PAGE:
Educational - Ball lightning
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Ball Lightning (from Usenet)
Ball lightning (boules de feu or foudre spherique; Kugeblitz) is the name given to the mobile luminous spheres which have been observed during thunderstorms. A typical ball lightning is about the size of an orange or a grapefruit and has a lifetime of a few seconds. Compilations of eye-witness reports of ball lightning have been published by Brand(1923), Rodewald(1954), Dewan(1964), Silberg(1965), McNally(1966) and Rayle(1967) among others. Visual sightings are often accompanied by sound, odor, and permanent material damage, and hence it would appear difficult to deny the reality of the phenomenon [as Humphreys(1936) has done]. In a letter to the editor of the London Daily Mail, Morris(1936)described an unusual incident in which a ball lightning caused a tub of water to boil:
"During a thunderstorm I saw a large, red hot ball come down from the sky. It struck our house, cut the telephone wire, burnt the window frame,and then buried itself in a tub of water which was underneath.The water boiled for some minutes afterwards, but when it was cool enough for me to search I could find nothing in it."
Photographs purported to be of ball lightning have been published by Jensen(1933), Kuhn(1951), Wolf(1956), Davidov(1958), Jennings(1962), and Muller-Hillebrand(1963). A phenomenon very similar to, if not identical with, ball lightning has been reported to occur in submarines due to discharge of a current about 150,000 amp direct current from a 260-volt source across a circuit breaker(Silberg, 1962). In addition a number of reports were received of ball-lightning-like phenomena being initiated accidentally in high-power electrical equipment.
Ball lightning and St. Elmo's fire are sometimes confused. St. Elmo's fire is a corona discharge from a pointed conducting object in a strong electric field. Like ball lightning, St. Elmo's fire may assume a spherical shape. Unlike ball lightning, St. Elmo's fire must remain attached to a conductor, although it may exhibit some motion along the conductor. Further, St. Elmo's fire can have a lifetime much greater than the lifetime of the usual ball lightning.
From the many published ball lightning observations, it is possible to compile a list of:
Ball Lightning characteristics
Most observations of ball lightning are made during thunderstorm activity. Most, but not all, of thunderstorm-related ball lightning appear almost simultaneously with a cloud-to-ground lightning discharge. These ball lightnings appear within a few meters of the ground. Sometimes ball lightnings are reported to occur near the ground in the absence of a lightning discharge. Ball lightnings have also been observed to hang in mid-air far above the ground and have been observed falling from a cloud towards the ground.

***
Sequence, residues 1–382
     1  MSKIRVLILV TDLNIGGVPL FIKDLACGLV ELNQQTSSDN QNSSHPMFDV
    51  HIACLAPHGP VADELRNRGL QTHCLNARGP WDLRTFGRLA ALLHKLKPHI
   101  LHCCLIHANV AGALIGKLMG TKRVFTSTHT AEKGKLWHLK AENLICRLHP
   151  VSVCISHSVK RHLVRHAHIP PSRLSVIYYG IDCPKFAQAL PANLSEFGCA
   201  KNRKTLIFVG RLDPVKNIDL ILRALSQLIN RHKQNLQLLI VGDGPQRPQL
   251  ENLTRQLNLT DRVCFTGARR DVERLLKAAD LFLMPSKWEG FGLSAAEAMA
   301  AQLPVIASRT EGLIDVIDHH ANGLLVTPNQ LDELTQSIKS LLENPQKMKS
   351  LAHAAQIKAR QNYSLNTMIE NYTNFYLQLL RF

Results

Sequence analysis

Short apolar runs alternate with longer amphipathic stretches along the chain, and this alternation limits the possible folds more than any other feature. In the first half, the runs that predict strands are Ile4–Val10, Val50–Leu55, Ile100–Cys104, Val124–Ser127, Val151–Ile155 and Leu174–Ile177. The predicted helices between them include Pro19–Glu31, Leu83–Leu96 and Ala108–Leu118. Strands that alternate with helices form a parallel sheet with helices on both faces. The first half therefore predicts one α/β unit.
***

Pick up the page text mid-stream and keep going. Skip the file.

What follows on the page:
Ball lightnings are generally spherical, although other shapes have been reported they are usually 0.1-0.2m in diameter, with reported diameters ranging from 0.01-1.00m. Ball lightnings come in various colors, the most common colors being red, orange, and yellow. Ball lightning are generally not exceptionally bright, but can be seen clearly in daylight. They are usually reported to maintain a relatively constant brightness and size during their lifetimes, although ball lightnings which change in brightness and size are not uncommon.
Ball lightnings generally have a lifetime of less than 5 seconds. A small fraction of reports indicate a lifetime of over a minute.
Ball lightning usually move horizontally at a velocity of a few meters per second. They may also remain motionless in mid-air or may descend from a cloud towards the ground. They do not often rise, as would be the case if they were spheres of hot air at atmospheric pressure in the presence of only a gravitational force. Many reports describe ball lightning which appear to spin or rotate as they move. Ball lightnings are sometimes reported to bounce off solid objects, typically the ground.
5. Heat, sound and odor
Rarely do observers of ball lightning report the sensation of heat. However, accounts of ball lightning which burned barns and melted wires do exist. One report found in McNally (1966) described a ball lightning which hit a pond of water with a sound "as if putting a red hot piece of iron into the water." Sometimes ball lightnings are reported to emit a hissing sound. Many observers report a distinctive odor accompanying ball lightning. The odor is usually described as sharp and repugnant, resembling ozone, burning sulphur, or nitric oxide.
6. Attraction to objects and enclosures
Ball lightnings are often reported to be attracted to metallic objects such as wire fences or telephone lines. When attached to metallic objects, they generally move along those objects. Some or all these observations may refer to a type of St. Elmo's fire. Ball lightnings often enter houses through screens or chimneys. Sometimes they are reported to enter houses through glass window panes. They are also reported to originate within buildings, on occasion from telephones. Ball lightnings can exist in an all-metal enclosure such as the interior of an airplane (Uman, 1968).
Ball lightnings decay in one of two modes, either silently or explosively. The explosive decay takes place rapidly and is accompanied by a loud noise. The silent decay can take place either rapidly or slowly. After the ball has decayed, it is sometimes reported that a mist or residue remains. Occasionally a ball lightning has been observed to break up into two or more smaller ball lightnings.
There may be more than one type of ball lightning. For example, the ball lightning that attaches to conductors may be different from the free-floating ball lightning; and the ball lightning that appears near ground may be different from the ball lightning that hangs high in the air or the ball lightning that falls out of a cloud.